The Diocese of Albany has indicated that if TEC rejects the covenant (which it will do), his diocese will vote to accept it. Apparently, his rationale for this pre-secessionist act is the letter to Bishop Howell that seems to indicate that it is “communion” is between individual diocese and the Archbishop of Canterbury, not between provinces and Canterbury. This is an interesting innovation in the life of the Anglican Communion. Not surprisingly, it is only an argument that applies to TEC and perhaps the Anglican Church of Canada.
I would like to be in the room when someone in Nigeria tries the same argument there. I can see it now: “Bishop Y” tells Archbishop Akinola that Bishop Y’s diocese is staying with Canterbury because the relationship is between the ABC and the diocese, and, that the Province is not important.
No, the novel concept of a relationship between a diocese and Canterbury only applies to the North Americans. It certainly is not part of the Faith Once Delivered to the Saints!
Then there are those (including Albany) that are arguing that before there was a US province, the relationship was between the diocese and Canterbury. Well, that is one hundred percent true. However, before there was a U.S. province, there were no diocese in the new U.S. and the US was part of the Church of England. We were part of a missionary diocese of the Church of England. As such, whatever relationship existed was between a Church of England diocese and Canterbury. As soon as we had a General Convention following the War of Rebellion (War of Independence) we became an autonomous church and diocese established. There was absolutely no “connection” to Canterbury whatsoever. A relationship to the see of Canterbury is a Victorian invention when the Anglican Communion was established (in large part by The Episcopal Church).
The bishop of Albany has written a pastoral letter giving his opinion of the recently completed Lambeth Conference. It is, in reality, a letter about the future as he sees it. In one paragraph he states
The theological makeup of those attending [the Jerusalem Conference and Lambeth Conference] played a major role in setting the tone and ultimately determining what would be the outcome. The organizers of GAFCON restricted invitations, inviting only theologically conservative orthodox Anglicans. GAFCON was not intended to be a time to debate the issues that are dividing the Church, but rather to be a time to come together as a "fellowship of confessing Anglicans...a fellowship of people united in the communion (koinonia) of the one Spirit and committed to work and pray together in the common mission of Christ"... believing that "Anglicanism has a bright future in obedience to our Lord's Great Commission to make disciples of all nations and to build up the Church on the foundation of biblical truth" (GAFCON Statement on the Global Anglican Future). The decision to hold GAFCON in Jerusalem with organized pilgrimages to various holy sites throughout Israel helped reinforce the biblical heritage upon which the Anglican faith is founded and was one of the spiritual highlights of the conference.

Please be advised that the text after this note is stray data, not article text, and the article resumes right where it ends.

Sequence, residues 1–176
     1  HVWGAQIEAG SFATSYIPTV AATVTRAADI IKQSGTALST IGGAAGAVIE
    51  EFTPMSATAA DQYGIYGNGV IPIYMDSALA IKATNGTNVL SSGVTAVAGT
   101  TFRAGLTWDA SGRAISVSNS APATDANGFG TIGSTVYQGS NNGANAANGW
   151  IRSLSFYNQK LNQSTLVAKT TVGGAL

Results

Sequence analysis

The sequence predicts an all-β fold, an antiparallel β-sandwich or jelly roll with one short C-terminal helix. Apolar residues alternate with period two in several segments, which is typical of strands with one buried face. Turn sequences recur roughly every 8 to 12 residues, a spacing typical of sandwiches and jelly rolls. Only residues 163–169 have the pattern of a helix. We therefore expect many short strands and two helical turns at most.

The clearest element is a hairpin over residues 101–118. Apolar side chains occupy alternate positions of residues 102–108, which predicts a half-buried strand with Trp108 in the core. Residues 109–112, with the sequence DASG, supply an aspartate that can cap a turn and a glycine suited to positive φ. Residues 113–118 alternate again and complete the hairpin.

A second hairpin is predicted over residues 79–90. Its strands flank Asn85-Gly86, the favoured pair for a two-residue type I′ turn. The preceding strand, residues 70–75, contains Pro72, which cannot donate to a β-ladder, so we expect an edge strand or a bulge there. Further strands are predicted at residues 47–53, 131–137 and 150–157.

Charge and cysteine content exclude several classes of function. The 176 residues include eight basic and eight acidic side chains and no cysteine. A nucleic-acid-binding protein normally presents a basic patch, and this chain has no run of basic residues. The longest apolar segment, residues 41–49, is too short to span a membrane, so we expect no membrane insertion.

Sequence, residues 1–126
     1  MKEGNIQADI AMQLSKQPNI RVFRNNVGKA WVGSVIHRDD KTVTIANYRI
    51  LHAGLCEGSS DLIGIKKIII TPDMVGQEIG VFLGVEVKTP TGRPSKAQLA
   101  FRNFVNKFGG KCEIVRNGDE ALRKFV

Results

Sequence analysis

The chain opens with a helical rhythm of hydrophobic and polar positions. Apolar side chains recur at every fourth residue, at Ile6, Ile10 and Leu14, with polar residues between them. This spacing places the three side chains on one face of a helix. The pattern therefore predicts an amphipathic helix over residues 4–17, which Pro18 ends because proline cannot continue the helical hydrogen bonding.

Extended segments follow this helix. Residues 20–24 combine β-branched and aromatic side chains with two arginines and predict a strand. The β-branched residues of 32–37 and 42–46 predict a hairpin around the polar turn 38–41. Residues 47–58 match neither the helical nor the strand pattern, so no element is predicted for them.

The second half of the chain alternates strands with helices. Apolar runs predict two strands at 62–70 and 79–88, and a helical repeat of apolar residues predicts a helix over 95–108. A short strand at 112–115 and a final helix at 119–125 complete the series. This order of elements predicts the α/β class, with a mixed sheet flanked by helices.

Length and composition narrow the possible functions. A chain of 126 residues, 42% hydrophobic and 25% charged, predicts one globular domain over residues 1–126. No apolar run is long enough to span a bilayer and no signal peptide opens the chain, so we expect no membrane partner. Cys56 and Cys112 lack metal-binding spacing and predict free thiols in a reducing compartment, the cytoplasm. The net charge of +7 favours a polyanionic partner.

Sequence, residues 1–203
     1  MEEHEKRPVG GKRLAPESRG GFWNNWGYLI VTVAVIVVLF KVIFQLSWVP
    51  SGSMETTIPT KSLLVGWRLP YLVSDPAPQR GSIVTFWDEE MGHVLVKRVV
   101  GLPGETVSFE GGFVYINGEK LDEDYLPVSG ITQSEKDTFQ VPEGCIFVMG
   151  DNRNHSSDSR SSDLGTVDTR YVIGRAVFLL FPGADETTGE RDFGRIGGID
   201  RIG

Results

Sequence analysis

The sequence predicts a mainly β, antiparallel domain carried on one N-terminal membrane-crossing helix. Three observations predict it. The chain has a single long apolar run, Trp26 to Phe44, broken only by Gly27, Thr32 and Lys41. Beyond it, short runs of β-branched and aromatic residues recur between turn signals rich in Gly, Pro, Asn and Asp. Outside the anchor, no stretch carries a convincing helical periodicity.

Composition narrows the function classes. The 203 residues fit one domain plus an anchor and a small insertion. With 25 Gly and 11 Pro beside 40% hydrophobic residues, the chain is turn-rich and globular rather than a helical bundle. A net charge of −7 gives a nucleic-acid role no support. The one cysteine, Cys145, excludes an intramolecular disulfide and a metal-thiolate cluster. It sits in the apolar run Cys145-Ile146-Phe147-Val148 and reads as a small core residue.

I am perplexed by this part:
Anglicanism has a bright future in obedience to our Lord's Great Commission to make disciples of all nations and to build up the Church on the foundation of biblical truth.
Try as I might, I cannot find a single command of Jesus to build up the Church on the foundation of biblical truth. Jesus did not have the bible – he did not even have the “Old Testament.” He certainly did not have the New Testament. I wonder where the bishop got the idea that Jesus told his followers to teach “bible truth”.
There is another interesting paragraph in the pastoral letter. It concerns same-gender issues and illustrated the depth of the feelings on both sides.
… During one of the sessions, an African bishop made an impassioned call upon the West to restrain from blessing same-sex unions and ordaining individuals engaged in homosexual lifestyles, stating that the Moslem extremists in his country are looking for any reason to attack and kill Anglican Christians. He said the revisionist actions of the West are giving them all the reason they need, resulting in the death and imprisonment of many of his people. Equally passionate, but from the opposite perspective, two Episcopal bishops spoke about justice for their gay and lesbian clergy and people, proclaiming their strong unceasing support for gay rights and that they would not stop the blessing of same sex unions in their diocese.
I do not doubt that extremists have used this issue as an excuse for unholy actions. I cannot understand the mentality that would make me kill people here because something I consider immoral is going on in place halfway around the world.
We must to pray for the people of Africa and the rest of the world who are victims of persecution – persecution from extremists on both sides. This includes the GLBT who are victims of persecution by Moslem and Christian fundamentalists.
You may read the pastoral letter here.
Tomorrow I will post on a letter by the Rt. Rev’d. William Atwood, ‘bishop’ of the Anglican Church of Kenya. I intended this post to deal with the Atwood letter but I was sidetracked.